Monday, October 31, 2016

Books I read in October (and the last week of September)

This month had a vacation, so I got lots of reading done. Much of it was frivolous.

Carry On by Rainbow Rowell

A Harry Potteresque fantasy but with more interesting protagonists (gasp, my blasphemy!) A school of magic, a "chosen" hero, a supervillain, a rival in school, a smart girl best friend, a love interest that slowly devolves into a love triangle, it's got it all. A thousand times more fun than the Cursed Child.

Lockwood and Co.: Four books in the series by Jonathan Stroud

Another fantasy YA series by this author, this one lacks the brilliance and depth -- particularly the class consciousness and social commentary -- of Bartimaeus. However, it's a fun set of books. Our very young protagonist, Lucy, and her team (Lockwood and George; the three of them form the firm Lockwood and Co.) find and eliminate ghosts. The characterisation is a bit lazy (Lucy is Kitty from Bartimaeus, Lockwood is a nicer Nathaniel -- or Nathaniel who had a loving family and is therefore less screwed up, George and another character make up Bartimaeus), and there seems to be little personal growth: the main characters behave and speak much the same as they did in the first book (even though they were tweens in the first book and should have changed a lot by now). But hey, girl who fights ghosts and has no personal demons (these belong to the eponymous Lockwood), fights with swords, and is brilliant at what she does. Also, as the series is for children, the ghosts aren't scary (I can't read actual horror). If you are interested, start with the first book.

The God of Small Things by Arundhati Roy

The announcement of Roy's second novel and some related tweets praising this one made me want to reread it. This time (my fourth read, probably), I really slowed down (I read really fast and often skim through and miss stuff). This time, I noticed how outrightly feminist the novel is. I also noticed how very fatphobic and generally appearance-focused it is. Good people are beautiful. Bad people are ugly. It's actually that simplistic.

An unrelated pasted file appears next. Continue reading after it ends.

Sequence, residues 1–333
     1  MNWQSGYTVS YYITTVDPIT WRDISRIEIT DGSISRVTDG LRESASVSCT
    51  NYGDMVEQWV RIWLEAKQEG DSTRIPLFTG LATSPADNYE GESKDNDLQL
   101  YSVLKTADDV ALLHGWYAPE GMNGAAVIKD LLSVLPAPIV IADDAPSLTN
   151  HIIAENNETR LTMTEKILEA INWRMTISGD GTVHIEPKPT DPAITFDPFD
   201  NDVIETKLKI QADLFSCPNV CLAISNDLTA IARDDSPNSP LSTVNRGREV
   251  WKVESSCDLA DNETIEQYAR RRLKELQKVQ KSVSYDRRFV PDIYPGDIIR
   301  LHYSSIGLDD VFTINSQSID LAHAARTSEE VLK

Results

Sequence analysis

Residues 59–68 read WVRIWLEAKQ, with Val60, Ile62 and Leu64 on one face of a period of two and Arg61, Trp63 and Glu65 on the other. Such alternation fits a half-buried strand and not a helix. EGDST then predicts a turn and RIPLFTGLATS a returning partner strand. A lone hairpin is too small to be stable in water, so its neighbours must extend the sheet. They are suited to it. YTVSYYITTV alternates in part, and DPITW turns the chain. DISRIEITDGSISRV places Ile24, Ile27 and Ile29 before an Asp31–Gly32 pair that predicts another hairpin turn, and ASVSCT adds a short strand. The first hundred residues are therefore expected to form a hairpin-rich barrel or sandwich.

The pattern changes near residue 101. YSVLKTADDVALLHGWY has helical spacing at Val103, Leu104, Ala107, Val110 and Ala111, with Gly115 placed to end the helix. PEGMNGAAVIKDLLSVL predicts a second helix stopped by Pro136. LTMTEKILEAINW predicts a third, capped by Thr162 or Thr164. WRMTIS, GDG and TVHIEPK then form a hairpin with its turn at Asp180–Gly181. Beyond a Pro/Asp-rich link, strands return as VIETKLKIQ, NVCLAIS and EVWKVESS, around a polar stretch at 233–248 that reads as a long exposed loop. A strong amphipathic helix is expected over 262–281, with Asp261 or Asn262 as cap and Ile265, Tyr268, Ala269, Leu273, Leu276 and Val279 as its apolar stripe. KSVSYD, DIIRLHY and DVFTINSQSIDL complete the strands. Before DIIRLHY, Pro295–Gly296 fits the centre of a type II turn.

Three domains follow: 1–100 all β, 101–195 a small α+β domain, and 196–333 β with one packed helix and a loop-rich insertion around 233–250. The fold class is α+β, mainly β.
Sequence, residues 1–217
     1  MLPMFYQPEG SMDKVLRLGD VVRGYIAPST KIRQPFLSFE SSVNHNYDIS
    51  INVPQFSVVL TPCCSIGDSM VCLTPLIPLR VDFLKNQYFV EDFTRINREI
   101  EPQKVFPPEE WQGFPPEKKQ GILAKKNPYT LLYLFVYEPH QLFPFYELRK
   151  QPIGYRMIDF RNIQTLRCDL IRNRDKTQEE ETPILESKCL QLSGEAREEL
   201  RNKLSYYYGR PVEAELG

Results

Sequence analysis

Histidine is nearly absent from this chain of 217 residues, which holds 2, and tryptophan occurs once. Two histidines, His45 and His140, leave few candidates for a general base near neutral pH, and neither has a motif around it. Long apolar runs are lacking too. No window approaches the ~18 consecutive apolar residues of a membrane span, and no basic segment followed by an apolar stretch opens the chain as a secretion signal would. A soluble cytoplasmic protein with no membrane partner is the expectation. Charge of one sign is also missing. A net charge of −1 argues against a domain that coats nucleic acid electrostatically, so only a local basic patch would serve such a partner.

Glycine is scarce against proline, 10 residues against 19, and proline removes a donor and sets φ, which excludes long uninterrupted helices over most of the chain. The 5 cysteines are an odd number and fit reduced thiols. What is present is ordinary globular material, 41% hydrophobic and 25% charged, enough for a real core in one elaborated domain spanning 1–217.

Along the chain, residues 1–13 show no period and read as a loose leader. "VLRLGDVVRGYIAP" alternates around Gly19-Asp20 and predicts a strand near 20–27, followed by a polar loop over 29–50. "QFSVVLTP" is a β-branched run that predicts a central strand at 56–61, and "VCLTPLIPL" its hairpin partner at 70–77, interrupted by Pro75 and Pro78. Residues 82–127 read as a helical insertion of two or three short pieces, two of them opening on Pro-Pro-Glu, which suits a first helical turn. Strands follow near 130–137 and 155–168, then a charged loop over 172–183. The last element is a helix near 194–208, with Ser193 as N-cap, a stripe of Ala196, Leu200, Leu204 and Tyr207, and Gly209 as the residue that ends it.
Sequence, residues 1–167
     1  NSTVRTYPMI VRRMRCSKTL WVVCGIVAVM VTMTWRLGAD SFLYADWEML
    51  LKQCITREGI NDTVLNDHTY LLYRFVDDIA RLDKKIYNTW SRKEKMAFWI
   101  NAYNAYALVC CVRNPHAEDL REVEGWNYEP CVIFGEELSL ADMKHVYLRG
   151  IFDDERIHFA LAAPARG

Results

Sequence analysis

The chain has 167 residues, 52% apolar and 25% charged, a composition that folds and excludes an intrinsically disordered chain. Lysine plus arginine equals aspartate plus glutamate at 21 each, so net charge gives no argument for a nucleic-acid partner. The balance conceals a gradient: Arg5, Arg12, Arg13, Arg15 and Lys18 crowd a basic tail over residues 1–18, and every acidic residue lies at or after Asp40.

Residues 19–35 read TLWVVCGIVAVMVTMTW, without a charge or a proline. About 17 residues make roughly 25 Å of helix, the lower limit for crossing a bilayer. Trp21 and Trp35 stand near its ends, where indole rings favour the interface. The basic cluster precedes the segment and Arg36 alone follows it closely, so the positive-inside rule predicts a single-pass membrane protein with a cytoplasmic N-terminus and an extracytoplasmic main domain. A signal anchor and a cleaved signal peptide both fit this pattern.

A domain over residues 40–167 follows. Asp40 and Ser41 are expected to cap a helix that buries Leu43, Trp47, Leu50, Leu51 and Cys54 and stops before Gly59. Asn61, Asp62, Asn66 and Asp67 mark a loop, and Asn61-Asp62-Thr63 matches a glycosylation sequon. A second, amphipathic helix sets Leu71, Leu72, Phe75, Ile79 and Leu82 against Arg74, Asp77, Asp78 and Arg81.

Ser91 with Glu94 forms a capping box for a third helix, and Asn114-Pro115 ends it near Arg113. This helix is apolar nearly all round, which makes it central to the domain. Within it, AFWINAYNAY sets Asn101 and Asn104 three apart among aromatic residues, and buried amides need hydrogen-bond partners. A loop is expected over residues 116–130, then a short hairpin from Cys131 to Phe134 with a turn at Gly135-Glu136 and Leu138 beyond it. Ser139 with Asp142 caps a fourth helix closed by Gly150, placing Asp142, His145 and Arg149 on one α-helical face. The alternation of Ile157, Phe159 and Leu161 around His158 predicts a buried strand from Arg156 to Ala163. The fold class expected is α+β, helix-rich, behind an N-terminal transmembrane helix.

Wednesday, October 26, 2016

The atheist at the festival

What's the etiquette around being an atheist during Diwali or Durga Puja or any of the big Indian festivals? How do you handle it?

I'm not friendly with the neighbours and have no family around who would want me to visit or do something special on a festival. But there's so much minor stuff to deal with, so many ways in which you always feel like an outsider, whether you're an atheist or a religious minority (I assume). Like having to refuse prasad when a kind colleague offers it (I have dietary issues and need to be extremely careful what I put in my mouth). Or wondering if you should dress up in Indian clothes because everyone else is or dress extra casual, just to signal you're not celebrating?

We always stay home, never visit family during the season. We don't want to participate in the rituals, and it would be rude and awkward to be there but refuse to participate. (I have once or twice made an exception for Bihu, because the few God-worship-type rituals around it are easy to avoid: Bihu is mostly about eating and meeting family and buying or gifting clothes.)

In any case, that doesn't matter because if I'm in Mumbai, no one else around me celebrates Bihu, and the two of us aren't home alone wondering if there's something better we should be doing. Even reading or watching TV is difficult because of the noise (I'm not sure which is worse: Diwali crackers or Navratri music).

I have more or less solved Diwali by staying home, lighting candles, and sitting in the balcony for a while to watch others blow up their money in fireworks. (Hey, as long as we can't avoid the pollution and noise and exploitation of workers, might as well enjoy the pretty.)

But sometimes, I wish we had more people to do this with. I think of families gathering and then snuggle closer to my one-person family. Even friends are all too busy with their families at this time. So I guess we'll just go in, turn on Netflix with the volume way up, and decide to make plans with our friends soon, once they are free.

Or maybe this year we could go to Marine Drive and watch the fireworks from there. I've heard it's beautiful.

Monday, October 03, 2016

Friendship, Writing, and #inktober

I can't draw to save my life. Or that's what I always used to say. I always wished I could draw, even a little bit, and I look at people's sketches and water colors on social media with wonder, and wish someone would gift me one.

Now I've finally decided I'm going to try. I'll be bad at it, but who cares. I don't want to be an artist, I just want to have fun.

So I'm participating in Inktober. Where you make ink drawings through October.

Recently, I've been putting up handwritten drafts of poems on Instagram, so starting today I'm going to try and do one a day, and do a bit of drawing around it.

Here's the first. Don't mock me.

Follow me on Instagram for more.